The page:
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Etiquette

NER: Question about filing a car accident claim

Last sunday FI and I were rear ended pretty hard while stopped during traffic.  Luckily, no one was hurt and the damage done to my car is minimal.  Also of importance: at this stage in my car's life, it's a beater.  It's got dents, scratches and peeling paint in various places. 

FI thinks I should take the car for an estimate, collect a check from the at fault party's insurance company and yay, have spending money.  To me, that just screams scam and absolutely the wrong thing to do.  Especially if the at fault insurance company sends out an adjustor........aren't they going to know that I have no intention of getting the repair?  I dunno.  FI won't get off my back about it and other than I feel like it's the wrong thing to do, I don't have any other explanation.  Does anyone know if legally doing that would be considered fraud?  Or any reasons why I should listen to FI?  Or am I right here?  Thanks!

Re: NER: Question about filing a car accident claim

  • rsannarsanna member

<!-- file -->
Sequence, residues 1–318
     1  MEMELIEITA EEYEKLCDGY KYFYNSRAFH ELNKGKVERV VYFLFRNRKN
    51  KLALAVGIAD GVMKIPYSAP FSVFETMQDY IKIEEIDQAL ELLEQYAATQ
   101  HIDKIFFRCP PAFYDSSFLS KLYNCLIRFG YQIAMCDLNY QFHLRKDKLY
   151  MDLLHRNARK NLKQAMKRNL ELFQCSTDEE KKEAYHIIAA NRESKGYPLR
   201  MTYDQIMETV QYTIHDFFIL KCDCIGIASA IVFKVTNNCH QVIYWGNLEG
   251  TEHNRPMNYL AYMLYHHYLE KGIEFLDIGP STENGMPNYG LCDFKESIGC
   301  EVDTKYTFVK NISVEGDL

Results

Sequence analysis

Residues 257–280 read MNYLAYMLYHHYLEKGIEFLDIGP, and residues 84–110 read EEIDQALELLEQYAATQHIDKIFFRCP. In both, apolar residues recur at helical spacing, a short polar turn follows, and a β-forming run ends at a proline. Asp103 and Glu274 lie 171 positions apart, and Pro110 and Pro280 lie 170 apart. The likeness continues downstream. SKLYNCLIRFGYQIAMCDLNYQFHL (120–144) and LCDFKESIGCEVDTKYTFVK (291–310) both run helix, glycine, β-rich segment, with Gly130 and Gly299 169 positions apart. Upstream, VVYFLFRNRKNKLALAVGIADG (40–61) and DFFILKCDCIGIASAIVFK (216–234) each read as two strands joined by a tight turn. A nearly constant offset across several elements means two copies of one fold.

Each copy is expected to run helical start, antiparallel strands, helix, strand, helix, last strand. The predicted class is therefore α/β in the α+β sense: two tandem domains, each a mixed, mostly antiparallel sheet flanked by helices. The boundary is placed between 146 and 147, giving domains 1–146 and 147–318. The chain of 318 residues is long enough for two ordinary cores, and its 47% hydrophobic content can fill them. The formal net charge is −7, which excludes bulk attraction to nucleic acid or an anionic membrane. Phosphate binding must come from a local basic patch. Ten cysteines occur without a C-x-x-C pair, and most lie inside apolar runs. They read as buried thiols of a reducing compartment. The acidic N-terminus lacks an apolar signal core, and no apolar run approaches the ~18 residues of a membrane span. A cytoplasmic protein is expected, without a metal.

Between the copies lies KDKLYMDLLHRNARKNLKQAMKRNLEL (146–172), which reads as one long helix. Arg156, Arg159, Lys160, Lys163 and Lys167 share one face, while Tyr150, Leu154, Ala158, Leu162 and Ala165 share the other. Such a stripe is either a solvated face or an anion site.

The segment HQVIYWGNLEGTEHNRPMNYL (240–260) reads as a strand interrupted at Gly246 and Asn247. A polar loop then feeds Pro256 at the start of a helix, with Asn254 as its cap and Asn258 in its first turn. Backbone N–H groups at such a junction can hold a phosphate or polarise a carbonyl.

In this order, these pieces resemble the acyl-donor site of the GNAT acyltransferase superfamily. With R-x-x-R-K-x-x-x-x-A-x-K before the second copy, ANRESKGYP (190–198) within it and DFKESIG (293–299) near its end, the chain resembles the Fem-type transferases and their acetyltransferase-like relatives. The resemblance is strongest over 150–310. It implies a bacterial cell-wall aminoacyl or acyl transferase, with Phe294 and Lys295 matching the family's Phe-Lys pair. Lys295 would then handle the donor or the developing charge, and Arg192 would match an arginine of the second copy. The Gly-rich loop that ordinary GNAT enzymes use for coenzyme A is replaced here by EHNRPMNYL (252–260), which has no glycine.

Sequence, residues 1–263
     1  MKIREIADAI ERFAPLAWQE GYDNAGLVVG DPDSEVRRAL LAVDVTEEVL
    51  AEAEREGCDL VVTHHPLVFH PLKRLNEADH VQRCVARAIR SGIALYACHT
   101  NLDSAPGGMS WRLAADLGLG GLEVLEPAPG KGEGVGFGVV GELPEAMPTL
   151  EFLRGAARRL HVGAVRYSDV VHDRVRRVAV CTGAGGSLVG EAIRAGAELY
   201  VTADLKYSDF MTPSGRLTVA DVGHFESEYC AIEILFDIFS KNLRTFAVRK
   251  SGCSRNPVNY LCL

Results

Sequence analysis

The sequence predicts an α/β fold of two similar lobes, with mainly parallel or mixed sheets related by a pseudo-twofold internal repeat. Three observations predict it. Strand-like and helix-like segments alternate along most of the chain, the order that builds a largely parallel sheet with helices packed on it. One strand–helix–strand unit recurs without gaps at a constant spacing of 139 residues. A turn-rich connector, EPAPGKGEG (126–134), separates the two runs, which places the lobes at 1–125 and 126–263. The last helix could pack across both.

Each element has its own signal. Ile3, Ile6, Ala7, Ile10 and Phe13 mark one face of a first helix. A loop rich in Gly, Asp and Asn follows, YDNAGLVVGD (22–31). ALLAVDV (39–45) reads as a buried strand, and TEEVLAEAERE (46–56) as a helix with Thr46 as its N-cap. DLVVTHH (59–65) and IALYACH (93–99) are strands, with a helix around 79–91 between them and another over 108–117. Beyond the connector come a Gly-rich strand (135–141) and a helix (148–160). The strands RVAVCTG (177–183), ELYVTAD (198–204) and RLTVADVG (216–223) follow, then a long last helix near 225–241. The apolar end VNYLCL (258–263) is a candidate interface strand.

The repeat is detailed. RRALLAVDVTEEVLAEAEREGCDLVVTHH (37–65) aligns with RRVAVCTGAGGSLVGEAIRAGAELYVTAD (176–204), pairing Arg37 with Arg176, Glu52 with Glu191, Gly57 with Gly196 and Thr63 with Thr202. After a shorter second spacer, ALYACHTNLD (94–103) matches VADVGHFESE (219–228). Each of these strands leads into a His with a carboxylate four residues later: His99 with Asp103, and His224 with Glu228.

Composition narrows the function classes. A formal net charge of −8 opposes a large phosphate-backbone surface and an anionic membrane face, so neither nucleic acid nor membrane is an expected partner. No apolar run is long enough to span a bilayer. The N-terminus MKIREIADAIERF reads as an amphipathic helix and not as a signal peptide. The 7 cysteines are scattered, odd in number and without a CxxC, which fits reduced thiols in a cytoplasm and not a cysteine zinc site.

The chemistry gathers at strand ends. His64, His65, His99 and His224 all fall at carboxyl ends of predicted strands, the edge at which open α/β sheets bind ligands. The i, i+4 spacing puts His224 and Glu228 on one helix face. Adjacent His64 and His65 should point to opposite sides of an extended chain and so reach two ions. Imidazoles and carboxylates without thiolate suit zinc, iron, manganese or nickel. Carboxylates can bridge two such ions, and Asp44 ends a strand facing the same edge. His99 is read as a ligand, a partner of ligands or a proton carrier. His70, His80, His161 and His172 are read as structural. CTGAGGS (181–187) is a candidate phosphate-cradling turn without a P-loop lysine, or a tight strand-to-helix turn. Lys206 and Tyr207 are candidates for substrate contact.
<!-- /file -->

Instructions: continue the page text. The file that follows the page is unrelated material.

500 Comments 5 Love Its First Anniversary
    edited November 2012
    I don't know how helpful this is, but I would file the claim and save the money for a new car. I mean, you said yours isn't in that great of shape and the accident is lowering whatever value you do have in your car.  I dont' know how helpful that is, but that is just me.

    ETA: Also, I know it's not the same, but personally I feel like you would probably file a claim if your car was totaled or undriveable, so why wouldn't you for another accident? Because what happens if you DO get into another accident and your car does get totaled? Should you be forced to either A. shoulder all the blame for damage that you didn't do (if the next one is your fault) or B. shoulder the other party with all of the blame for the damage (if they are at fault.)